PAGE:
Near the Grand-Place, on Rue de l’Etuve, look for the corner fountain occupied by the immortal, but tiny, bronze statue of a little boy urinating into the air from a cocky stance atop a ledge of the fountain. Until the early 17th century, a stone statue dating back to the mid-1400s occupied the same niche and performed the same office; it was known then as “little Julian.” In 1619, the Brussels sculptor Jerome Duquesnoy created a bronze replacement which all the world now knows as the “Mannekin Pis.”
After whom is the little boy modeled? There are at least a dozen competing legends. One is of the little boy-hero of Brussels—Julian—who, using his natural resources, extinguished an incendiary bomb thrown into the street by enemy troops. Another tells of the peasant who came with his little son to a Brussels festival, lost the child in the crowd, found him five days later, and expressed his thanks by sculpting a statue of the boy as he looked when rediscovered: the Mannekin Pis. Still another claims he is the son of a nobleman who attempted to seduce the virtuous Ste. Gudule. Heaven’s punishment was to condemn his son to remain always a child, and always relieving himself (a poor explanation of the sweet little statue).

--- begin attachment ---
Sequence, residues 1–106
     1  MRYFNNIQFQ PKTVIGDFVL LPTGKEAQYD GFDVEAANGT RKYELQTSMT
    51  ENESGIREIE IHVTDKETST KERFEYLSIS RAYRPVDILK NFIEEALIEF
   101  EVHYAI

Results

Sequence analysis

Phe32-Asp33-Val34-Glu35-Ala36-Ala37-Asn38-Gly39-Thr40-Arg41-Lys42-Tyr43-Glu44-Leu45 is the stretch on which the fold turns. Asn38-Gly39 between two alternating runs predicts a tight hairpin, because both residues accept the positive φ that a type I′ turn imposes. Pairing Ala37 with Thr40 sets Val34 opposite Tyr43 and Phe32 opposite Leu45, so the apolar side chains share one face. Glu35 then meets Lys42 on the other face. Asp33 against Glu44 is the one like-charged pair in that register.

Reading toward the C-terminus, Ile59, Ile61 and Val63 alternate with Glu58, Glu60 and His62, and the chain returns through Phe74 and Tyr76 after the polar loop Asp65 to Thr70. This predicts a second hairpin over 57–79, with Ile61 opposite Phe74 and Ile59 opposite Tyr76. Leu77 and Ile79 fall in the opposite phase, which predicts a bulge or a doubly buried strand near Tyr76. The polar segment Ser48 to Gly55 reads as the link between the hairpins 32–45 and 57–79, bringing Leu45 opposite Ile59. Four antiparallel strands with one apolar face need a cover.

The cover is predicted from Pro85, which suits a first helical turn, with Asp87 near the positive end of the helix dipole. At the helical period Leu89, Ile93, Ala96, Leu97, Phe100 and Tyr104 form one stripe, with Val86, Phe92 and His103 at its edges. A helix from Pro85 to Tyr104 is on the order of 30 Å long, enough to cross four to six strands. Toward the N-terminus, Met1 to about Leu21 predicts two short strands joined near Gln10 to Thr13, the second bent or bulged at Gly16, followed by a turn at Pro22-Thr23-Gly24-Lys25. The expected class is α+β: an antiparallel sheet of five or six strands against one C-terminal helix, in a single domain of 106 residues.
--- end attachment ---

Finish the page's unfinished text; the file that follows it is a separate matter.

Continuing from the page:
Stolen from his niche on numerous occasions, and the subject of other incidents too numerous to describe, Mannekin Pis is today treated as the symbol of Brussels’ ironic, impudent outlook, a mirror of the impiety and cynicism of its average resident. Somehow he fits, and it is hard to imagine him standing on the stately squares of those other European cities that have occasionally sought to dominate the world. Instead, in a Brussels that has witnessed every misfortune, suffered every indignity, and lost all illusions, Mannekin Pis is an artistic summation.